Everywhere I go I get asked the question by concerned citizens who have loved ones facing the possibility of long term care: “Can they take the house?” Until recently I could answer “No.” However, that may be changing.
Federal law requires that the state implement a program called “Estate Recovery.” That means that if a person is in a nursing home and receives government funds to pay for the cost, the state can put a lien on the property of that individual and would sell that property to get paid back when the person dies. Usually, the house is the only thing that is at risk because that is one of the few things a person is allowed to keep before getting state funds through Medicaid.
Michigan resisted the federal requirement for many years (all other states have an estate recovery program). However, Michigan is currently in the middle of a budget crisis. Because of that, the state is seeking to implement an estate recovery law. New state legislation has been proposed which, if enacted, could mean that the state would “take the home” through a lien placed on it by the government.
The new estate recovery legislation seems destined to be approved by the Michigan legislature, probably this year. How drastic will the recovery effort be? The proposed legislation says the legislature wants to establish estate recovery “to the full extent permitted by section 1917(A) of title XIX.” That section is now reflected in federal law at 42 USC 1396p(A). There the statute describes the reach that estate recovery can have. The state can limit recovery to just the “probate” estate of the Medicaid recipient, or it “may” go further and extend to all property that the recipient had an interest in at that time of death (including a life estate). Here are the relevant sections from the federal statute:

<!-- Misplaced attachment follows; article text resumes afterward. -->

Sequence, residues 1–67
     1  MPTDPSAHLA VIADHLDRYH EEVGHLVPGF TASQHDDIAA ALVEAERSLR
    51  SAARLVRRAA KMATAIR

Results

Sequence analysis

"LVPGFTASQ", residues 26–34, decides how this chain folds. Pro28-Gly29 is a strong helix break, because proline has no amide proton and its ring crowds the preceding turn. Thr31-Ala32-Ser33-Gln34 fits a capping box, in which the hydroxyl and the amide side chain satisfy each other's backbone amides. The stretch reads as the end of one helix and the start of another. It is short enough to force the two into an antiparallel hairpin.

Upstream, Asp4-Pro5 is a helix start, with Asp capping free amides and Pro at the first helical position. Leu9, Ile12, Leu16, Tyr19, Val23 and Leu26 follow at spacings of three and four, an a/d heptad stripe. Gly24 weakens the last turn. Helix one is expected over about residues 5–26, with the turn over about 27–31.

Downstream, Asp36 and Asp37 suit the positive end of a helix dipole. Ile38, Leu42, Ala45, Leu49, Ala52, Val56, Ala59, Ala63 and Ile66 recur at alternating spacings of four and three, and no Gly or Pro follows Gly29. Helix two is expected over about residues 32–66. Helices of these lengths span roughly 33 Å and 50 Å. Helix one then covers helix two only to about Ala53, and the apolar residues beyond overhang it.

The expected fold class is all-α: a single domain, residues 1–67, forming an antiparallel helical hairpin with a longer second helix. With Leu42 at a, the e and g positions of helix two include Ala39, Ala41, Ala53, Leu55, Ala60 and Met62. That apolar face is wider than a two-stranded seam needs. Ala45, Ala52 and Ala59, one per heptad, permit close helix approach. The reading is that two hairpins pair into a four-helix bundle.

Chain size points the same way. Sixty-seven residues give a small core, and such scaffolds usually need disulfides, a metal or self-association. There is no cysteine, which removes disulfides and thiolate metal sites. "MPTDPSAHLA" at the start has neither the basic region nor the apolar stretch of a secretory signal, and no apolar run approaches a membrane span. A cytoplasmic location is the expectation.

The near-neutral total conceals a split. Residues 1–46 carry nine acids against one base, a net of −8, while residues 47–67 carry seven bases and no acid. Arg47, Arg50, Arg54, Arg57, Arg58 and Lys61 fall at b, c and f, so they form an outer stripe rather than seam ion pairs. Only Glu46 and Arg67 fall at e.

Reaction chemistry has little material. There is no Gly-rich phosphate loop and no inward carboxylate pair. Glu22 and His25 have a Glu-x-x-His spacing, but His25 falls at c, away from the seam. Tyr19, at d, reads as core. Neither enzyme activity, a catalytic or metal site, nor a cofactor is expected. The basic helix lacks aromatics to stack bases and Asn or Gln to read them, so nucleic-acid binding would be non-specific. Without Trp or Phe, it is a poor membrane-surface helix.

"(4) For purposes of this subsection, the term 'estate', with respect to a deceased individual--
(A) shall include all real and personal property and other assets included within the individual's estate, as defined for purposes of State probate law; and
(B) may include, at the option of the State (and shall include, in the case of an individual to whom paragraph (1)(C)(i) applies), any other real and personal property and other assets in which the individual had any legal title or interest at the time of death (to the extent of such interest), including such assets conveyed to a survivor, heir, or assign of the deceased individual through joint tenancy, tenancy in common, survivorship, life estate, living trust, or other arrangement."
It appears that Michigan will go with a more aggressive version of the law. I think this is inevitable in light of the current budget crisis. For example, I saw an article in the paper just recently in which Governor Granholm said she was prepared to shut down the state government because of lack of funds. If the state is depleted that much and going to such extreme lengths to get money, one cannot imagine why they wouldn’t adopt the most aggressive estate recovery program possible.
Whatever form estate recovery takes, we need to prepare our clients appropriately. The issue can be addressed effectively through proper planning. Heritage Elder Law remains available to assist in that planning or to answer any questions you may have as this new law goes into effect.